Testing functions that are expected to raise exceptions for some inputs is a very common task. The usual way to parametrize tests for such functions is to write separate tests for the valid and invalid inputs, but this adds boilerplate and often means duplicating the code that helps setup the test. Instead, this tutorial will show an elegant way to use the same test function for all inputs. The key is the error_or function, which:

  • Produces a schema that accepts either an expected value or an expected error.

  • When that schema is evaluated, creates a context manager that can be used to check whether or not the expected exception was raised.

To give a concrete example, we’ll extend the Vector class from the Getting started tutorial with a normalize() method, which should raise a NullVectorError exception when called on a null vector:

import math

class Vector:

    def __init__(self, x, y):
        self.x = x
        self.y = y

    def normalize(self):
        m = math.sqrt(self.x**2 + self.y**2)

        if m == 0:
            raise NullVectorError
            self.x /= m
            self.y /= m

class NullVectorError(Exception):

Each test case for this method specifies either an expected parameter or an error parameter. The expected parameter is just a value, the same as all the other test parameters we’ve seen in these tutorials. The error parameter is special, in that it should specify the exception to expect. There are a few ways to do this (see error for details), but the simplest is to give a string that will evaluate to an exception type:

    given: Vector(1, 0)
    expected: Vector(1, 0)
    given: Vector(0, 2)
    expected: Vector(0, 1)
    given: Vector(0, 0)
    error: NullVectorError

To write the test function, we’ll make use of error_or. This function sets up a schema that will expect every set of test parameters to specify either an error parameter or whatever “expected” parameters are listed as arguments (just expected in this case). Either way, the test function will receive arguments corresponding to the error and every “expected” parameter. The error argument will be a context manager that will either check that the expected error was raised (if an error was specified) or do nothing (otherwise). The “expected” arguments will be either be passed directly through to the test function (if no error was specified) or be replaced with MagicMock objects (otherwise). The purpose of replacing the “expected” arguments with MagicMock objects is to help avoid the intended exception from getting preempted by some other exception caused by an unspecified expected value.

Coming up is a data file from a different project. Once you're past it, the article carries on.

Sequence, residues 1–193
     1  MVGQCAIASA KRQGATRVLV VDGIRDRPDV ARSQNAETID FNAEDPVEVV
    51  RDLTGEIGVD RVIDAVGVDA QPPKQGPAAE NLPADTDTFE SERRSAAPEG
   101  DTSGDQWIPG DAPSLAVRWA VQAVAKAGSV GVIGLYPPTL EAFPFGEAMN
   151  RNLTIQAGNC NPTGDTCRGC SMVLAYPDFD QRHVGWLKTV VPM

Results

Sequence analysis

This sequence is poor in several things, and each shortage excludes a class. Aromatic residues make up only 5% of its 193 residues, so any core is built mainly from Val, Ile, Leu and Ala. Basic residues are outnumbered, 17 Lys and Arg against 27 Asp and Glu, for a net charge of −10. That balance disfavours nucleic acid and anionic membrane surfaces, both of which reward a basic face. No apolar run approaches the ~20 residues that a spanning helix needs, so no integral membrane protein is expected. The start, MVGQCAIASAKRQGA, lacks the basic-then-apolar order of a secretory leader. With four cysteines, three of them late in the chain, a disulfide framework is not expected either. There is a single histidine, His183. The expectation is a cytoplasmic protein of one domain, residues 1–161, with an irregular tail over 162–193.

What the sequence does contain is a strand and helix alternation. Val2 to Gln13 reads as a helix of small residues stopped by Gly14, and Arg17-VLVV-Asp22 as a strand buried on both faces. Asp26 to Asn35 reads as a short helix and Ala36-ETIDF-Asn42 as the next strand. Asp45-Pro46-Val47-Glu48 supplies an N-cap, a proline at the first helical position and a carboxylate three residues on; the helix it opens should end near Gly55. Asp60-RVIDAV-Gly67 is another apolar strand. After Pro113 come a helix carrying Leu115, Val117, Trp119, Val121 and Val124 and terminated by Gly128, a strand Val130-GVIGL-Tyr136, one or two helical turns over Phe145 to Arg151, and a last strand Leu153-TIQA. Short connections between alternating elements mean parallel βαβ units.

This sounds complicated, but in practice it’s not bad. Hopefully the following example code will help make everything clear:

import parametrize_from_file as pff
from pytest import approx

with_vec = pff.Namespace('from vector import *')

            pff.error_or('expected', globals=with_vec),
def test_normalize(given, expected, error):
    with error:

        assert given.x == approx(expected.x)
        assert given.y == approx(expected.y)

A shortcoming of this example is that it does not show how to check that the exception has the expected error message. For more information on that, consult the documentation for the error function.